The new Ionising Radiation Regulations 2017 (IRR17) came into force on 1 January 2018. They replaced the existing IRR99 regulations, due to the implementation of the EU Basic Safety Standards Directive (BSSD).
For those working with ionising radiation, the biggest change relates to how employers submit information to the HSE.
This relates broadly to industry and specifically to those that use X-ray devices, radioactive substances and devices containing such substances, as well as working with radon gas.
IRR99 required employers to notify the HSE about their work with ionising radiation.
Under IRR17, a three distinct tier system is introduced:
- Consent (more than one may be required)
If working with ionising radiation, even where the HSE has previously been notified, employers must apply to the HSE between 1 January and 5 February 2018.
The HSE will make an online service available whereby employers can apply for notification, registration and consent simultaneously. These will apply to all sites under the employer’s control.
The following fees apply:
- £25 for registration
- £25 for each consent
- £0 for notification
Once the HSE has been notified, registers the notification and has consented, employers will not need to apply again unless the information they provided changes significantly.
The application process follows a ‘graded approach’, whereby the type of application depends on the level of risk of work that is conducted by the employer.
- Notification - lowest risk
- Applies to work with less than 1,000kg of radionuclides or work in a radon atmosphere above the annual average of 300Bq m-3.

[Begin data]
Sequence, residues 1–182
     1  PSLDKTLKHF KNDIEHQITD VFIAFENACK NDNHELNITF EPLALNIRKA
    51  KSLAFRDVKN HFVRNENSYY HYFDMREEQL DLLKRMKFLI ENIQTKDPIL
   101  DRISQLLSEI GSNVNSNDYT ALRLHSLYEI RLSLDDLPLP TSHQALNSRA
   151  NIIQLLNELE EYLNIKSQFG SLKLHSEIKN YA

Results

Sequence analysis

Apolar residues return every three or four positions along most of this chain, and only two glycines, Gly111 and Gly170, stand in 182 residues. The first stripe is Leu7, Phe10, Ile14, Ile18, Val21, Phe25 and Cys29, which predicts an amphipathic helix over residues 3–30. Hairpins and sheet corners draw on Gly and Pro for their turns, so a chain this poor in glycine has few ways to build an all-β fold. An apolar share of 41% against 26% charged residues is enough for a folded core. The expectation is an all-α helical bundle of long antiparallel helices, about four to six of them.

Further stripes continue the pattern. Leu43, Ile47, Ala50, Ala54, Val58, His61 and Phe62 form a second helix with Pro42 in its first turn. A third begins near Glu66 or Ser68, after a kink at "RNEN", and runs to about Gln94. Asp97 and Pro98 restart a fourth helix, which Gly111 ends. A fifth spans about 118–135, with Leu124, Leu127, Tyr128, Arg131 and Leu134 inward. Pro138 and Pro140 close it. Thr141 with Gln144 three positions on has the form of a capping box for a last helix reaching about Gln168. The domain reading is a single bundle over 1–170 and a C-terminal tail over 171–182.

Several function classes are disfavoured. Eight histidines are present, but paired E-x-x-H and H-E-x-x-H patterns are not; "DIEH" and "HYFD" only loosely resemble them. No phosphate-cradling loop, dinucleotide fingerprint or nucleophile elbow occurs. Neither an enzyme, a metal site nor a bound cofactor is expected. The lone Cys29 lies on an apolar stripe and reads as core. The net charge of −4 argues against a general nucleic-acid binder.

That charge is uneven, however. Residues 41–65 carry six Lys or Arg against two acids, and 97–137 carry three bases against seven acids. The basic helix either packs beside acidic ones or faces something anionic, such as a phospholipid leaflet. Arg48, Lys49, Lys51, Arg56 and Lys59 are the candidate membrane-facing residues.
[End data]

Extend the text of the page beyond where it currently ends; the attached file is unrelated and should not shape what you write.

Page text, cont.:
- Registration – medium risk
- Applies to radiation generators, 1,000kg or more of radionuclides above the low and medium end of specific concentration levels
- Consent – highest risk
- Only applies to: uranium mining, deliberate use of radioactive materials for specific medical veterinary purposes, deliberate use of radioactive substances in products, operation of an accelerator, industrial irradiation, disposal or long-term storage of radioactive waste, industrial radiography and discharge of significant quantities of radioactive effluent.
Where an application may not be required
An application may not be required where work utilises:
- Radionuclides that are at the very low end of specific concentration levels,
- Sealed, HSE type approved sources,
- Electrical apparatus type approved by the HSE,
- Devices operating at a voltage of 30Kv or lower, like the cathode ray tube, and
- Contaminated material, declared not subject to further control by the appropriate environment agency.